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Under natural assumptions on the thermodynamic properties of space and time with the holo-graphic principle, we reproduce a MOND-like behaviour of gravity on particular scales of mass and length, where Newtonian gravity requires a modification or extension if no dark matter component is introduced in the description of gravitational phenomena. The result is directly obtained with the assumption that a fundamental constant of nature with dimensions of acceleration needs to be introduced into gravitational interactions. This in turn allows for modifications or extensions of the equipartion law and/or the holographic principle. In other words, MOND-like phenomenology can be reproduced when appropriate generalised concepts at the thermodynamical level of space and/or at the holographic principle are introduced. Thermodynamical modifications are reflected in extensions to the equipartition law which occur when the temperature of the system drops below a critical value, equals to Unruh’s temperature evaluated at the acceleration constant scale introduced for the description of the gravitational phenomena. Our calculations extend the ones by [1] in which Newtonian gravity is shown to be an emergent phenomenon, and together with it reinforces the idea that gravity at all scales is emergent.

The laws for black hole mechanics have suggested a remarkable similarity with the three laws of thermodynamics, in such a way that quantities associated to black hole properties have their corresponding thermodynamic equivalent interpretation [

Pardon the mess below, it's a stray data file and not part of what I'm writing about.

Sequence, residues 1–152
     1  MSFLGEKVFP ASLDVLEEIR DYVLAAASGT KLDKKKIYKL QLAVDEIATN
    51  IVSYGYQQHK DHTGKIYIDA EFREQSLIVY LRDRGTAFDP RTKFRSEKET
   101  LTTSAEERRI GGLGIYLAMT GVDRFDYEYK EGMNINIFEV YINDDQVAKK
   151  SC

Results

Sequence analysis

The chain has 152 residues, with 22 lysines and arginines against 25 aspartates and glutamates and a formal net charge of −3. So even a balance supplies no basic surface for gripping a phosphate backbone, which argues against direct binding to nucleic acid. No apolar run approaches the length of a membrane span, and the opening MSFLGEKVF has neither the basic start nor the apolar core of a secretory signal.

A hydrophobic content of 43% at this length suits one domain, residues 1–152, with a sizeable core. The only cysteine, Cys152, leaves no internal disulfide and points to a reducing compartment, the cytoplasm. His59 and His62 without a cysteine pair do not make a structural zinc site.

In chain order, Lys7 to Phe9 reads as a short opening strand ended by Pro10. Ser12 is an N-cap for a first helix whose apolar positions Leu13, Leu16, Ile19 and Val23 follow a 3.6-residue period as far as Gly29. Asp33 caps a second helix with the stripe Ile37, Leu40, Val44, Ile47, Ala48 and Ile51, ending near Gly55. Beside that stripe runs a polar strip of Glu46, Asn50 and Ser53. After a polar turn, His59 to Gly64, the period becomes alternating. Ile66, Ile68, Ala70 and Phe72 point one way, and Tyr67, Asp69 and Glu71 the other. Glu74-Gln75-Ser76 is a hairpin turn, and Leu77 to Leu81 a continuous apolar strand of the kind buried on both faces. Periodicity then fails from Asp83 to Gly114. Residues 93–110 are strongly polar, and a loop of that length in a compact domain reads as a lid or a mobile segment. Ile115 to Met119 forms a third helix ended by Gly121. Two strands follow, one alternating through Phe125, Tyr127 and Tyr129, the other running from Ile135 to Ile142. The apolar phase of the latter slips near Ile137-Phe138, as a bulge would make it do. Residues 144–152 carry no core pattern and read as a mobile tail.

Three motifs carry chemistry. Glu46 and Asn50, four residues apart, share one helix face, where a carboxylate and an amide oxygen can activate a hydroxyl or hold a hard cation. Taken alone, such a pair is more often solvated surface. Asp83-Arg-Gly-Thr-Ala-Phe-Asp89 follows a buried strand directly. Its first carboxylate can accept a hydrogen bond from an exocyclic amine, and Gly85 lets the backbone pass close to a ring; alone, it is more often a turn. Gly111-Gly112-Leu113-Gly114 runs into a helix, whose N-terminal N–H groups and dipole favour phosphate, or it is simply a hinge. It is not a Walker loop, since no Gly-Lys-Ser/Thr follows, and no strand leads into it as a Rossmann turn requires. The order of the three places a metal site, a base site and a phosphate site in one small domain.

All the above suggest the possibility for a deep relation between thermodynamics and gravity. This has been studied mainly in the relativistic regime under the concept of emergent gravity, considering thermodynamics as a more fundamental theory from which, general relativity can be derived (see e.g. [

In recent years, a growing number of independent observations have suggested that gravity requires modification [

where

where n is a constant that must be fixed via astronomical observations. A large value of n means that the function

For the case of spherically symmetric mass distribution, this extended Newtonian gravity approach proposal reproduces a MOND-like phenomenology [

In another attempt to obtain the MOND-like force formula, [

thus interpreting it as a cut off temperature below which, modifications to the equipartition law must occur. This approach takes into account the fact that the dynamical sector needs to be modified and so, the validity of Newton’s law of gravitation remains unaffected. As explained by the dimensional analysis of [

In this work, we show how, using arguments about thermodynamics and information, it is possible to derive in several ways an equation for the gravitational force in an extended modified gravity regime, which supports the idea that gravity can be understood as an emergent force, i.e. a consequence of deeper fundamental principles. The article is organised as follows: in Section 2 we review the main hypothesis made by [

We begin this section reviewing briefly some of the main ideas and hypothesis made in Verlinde’s work [

being A the area of the spherical screen and

The main motivation by [

for a constant volume. Let us now find the expression for the gravitational force by considering gravity as an entropic force. For this, we follow the approach by [

when a displacement

To do so, note that the dimensional relevant quantities of the problem are the energy E associated to the screen, it’s temperature T―or more important for a dimensional analysis treatment its energetic temperature

where F is an unknown function of four dimensionless parameters, x was defined in Equation (1),

The ratio

where

In the remaining of this section, we study three separate cases associated with the previous relation:

Case (A)

Let us consider

The physics behind this choice of parameters can be understood under the basis of the case studied by [

Equating relation (9) to

Substituting this into (5), and employing (6), as made by Verlinde, the resultant entropic force is:

Taking

In other words, the equipartition energy must satisfy the following condition: